Thursday, January 2, 2014

In 5 Years Time

If you have seen the movie, The Truman Show and can recall its ending, you might be able to savor my state of mind mid 2011. After my last dose of methotrexate and bilateral hip replacements I bumped into the seeming end of my cancer experience and discovered a door leading to what? I didn’t know and barely dared to imagine. 

Traditionally, (cinematically, literally, theatrically), the cancer patient story, much like the Cinderella story, has but one ending. For the latter it is "happily ever after. The end." For the former it is, "and she died bravely and gracefully surrounded by her loved ones who will carry on without her. The end."  But what about the cancer patient who doesn’t die, who breaks with tradition? Where does her story go when cancer doesn't end in death? 

During treatment I searched high and low for the survivors of adult onset Acute Lymphoblastic Leukemia, they were not easy to find, not readily discoverable. Unlike Breast Cancer survivors my leukemia chemical brothers and sisters were either nonexistent or clandestine.  3 years out of my trial I can tell you where they've gone. They exist in the silent awe summed up thus: My God, I can't believe I am still here. 

We grocery shop, looking over our shoulders. Remembering the stares and the fearfulness our skeletal bodies, moon-faces, masked and bald-headed cancer patient selves inspired we want to be sure that no, no one notices us. No one can tell where we've been, what we've endured. We fold laundry, or scrub a toilet and remember how impossible these mundane tasks would have been not so long ago. We wake up, blink once or twice and wonder, cautiously and ask, can it be true that I have survived it after all? Then toss salt over the shoulder and spit for good measure. Humbled and quiet, we don't advertise our whereabouts lest the eyes of fate or the play of lila fall on us again and take us for another spin. We get on with life knowing that time's too short to relive the hard parts.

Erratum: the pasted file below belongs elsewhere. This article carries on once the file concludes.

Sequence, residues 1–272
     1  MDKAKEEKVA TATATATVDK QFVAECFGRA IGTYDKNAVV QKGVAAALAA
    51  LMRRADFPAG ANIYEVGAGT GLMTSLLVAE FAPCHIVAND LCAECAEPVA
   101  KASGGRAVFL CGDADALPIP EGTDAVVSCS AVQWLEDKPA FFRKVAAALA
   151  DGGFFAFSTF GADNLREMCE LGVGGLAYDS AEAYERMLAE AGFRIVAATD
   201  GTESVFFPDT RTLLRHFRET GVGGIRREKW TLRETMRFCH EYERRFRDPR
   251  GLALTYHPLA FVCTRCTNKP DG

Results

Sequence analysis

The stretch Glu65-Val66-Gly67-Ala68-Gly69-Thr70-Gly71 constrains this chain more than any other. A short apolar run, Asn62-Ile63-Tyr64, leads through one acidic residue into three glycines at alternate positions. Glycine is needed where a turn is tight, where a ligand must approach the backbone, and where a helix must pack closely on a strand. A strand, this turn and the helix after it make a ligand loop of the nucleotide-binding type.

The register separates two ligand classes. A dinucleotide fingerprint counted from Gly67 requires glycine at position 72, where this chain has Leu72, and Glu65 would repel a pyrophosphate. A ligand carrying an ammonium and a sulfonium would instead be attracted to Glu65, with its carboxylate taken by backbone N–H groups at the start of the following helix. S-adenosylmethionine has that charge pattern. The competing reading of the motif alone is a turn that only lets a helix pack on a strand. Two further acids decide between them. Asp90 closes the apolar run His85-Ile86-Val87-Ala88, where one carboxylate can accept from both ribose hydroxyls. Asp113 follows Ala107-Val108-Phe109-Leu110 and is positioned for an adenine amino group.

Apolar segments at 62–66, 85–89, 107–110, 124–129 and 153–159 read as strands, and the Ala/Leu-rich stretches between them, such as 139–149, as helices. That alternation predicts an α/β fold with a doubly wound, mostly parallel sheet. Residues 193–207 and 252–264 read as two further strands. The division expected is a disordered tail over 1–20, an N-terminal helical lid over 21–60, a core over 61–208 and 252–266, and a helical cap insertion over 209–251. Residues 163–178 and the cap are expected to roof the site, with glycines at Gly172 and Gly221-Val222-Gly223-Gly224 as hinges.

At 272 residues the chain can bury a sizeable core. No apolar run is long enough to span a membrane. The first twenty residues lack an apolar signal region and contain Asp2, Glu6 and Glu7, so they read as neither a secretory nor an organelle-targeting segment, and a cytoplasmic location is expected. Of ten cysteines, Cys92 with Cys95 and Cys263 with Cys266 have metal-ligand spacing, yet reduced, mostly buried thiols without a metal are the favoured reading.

But oh. Oh how during my trial I wanted proof of an actual human being living life after cancer treatment, free from pills and doctor visits, and tests. I wanted someone not slightly further down the trail but rather on the other far side of the mountain. A guide who never came my way. The Dana-Farber treatment protocol was too new and me and my fellows, even the doctors and nurses were left to find our own way. I owe a debt to my chemical brother Mr. Gardner who, although only a few months ahead of me, stopped what he was doing, forgot his own struggle, and took a few panicked phone calls one July.